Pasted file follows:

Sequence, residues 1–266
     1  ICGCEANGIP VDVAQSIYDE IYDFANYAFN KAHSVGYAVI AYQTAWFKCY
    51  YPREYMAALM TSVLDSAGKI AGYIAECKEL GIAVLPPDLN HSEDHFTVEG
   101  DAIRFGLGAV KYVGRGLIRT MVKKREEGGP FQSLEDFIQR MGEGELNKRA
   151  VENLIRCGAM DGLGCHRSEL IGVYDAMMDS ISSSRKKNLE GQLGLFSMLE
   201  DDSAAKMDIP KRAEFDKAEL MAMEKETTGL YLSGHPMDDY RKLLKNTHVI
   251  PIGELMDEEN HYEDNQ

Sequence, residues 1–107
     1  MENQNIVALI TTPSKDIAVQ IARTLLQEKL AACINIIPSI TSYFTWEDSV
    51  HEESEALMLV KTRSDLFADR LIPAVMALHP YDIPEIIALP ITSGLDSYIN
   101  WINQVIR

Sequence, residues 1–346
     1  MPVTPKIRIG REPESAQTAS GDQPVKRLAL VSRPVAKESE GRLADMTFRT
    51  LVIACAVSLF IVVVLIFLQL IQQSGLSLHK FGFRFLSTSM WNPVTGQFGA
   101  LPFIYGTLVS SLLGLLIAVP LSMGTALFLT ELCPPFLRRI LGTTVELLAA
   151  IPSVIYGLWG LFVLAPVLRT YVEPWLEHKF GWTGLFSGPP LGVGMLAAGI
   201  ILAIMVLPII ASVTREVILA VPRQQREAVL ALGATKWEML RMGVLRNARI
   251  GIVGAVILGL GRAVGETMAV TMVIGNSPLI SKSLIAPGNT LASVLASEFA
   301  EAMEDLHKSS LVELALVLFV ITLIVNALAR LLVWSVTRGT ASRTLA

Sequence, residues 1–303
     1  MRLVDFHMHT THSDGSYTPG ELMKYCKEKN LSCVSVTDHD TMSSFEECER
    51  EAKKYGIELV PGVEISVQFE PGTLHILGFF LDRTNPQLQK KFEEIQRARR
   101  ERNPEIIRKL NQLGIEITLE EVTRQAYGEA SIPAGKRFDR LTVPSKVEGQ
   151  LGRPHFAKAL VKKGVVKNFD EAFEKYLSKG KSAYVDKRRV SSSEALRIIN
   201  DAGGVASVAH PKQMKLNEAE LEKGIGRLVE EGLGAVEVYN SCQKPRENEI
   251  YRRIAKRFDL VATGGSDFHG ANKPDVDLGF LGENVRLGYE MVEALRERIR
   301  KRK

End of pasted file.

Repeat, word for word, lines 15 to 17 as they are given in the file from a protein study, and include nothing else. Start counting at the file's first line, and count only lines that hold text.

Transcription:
   101  LPFIYGTLVS SLLGLLIAVP LSMGTALFLT ELCPPFLRRI LGTTVELLAA
   151  IPSVIYGLWG LFVLAPVLRT YVEPWLEHKF GWTGLFSGPP LGVGMLAAGI
   201  ILAIMVLPII ASVTREVILA VPRQQREAVL ALGATKWEML RMGVLRNARI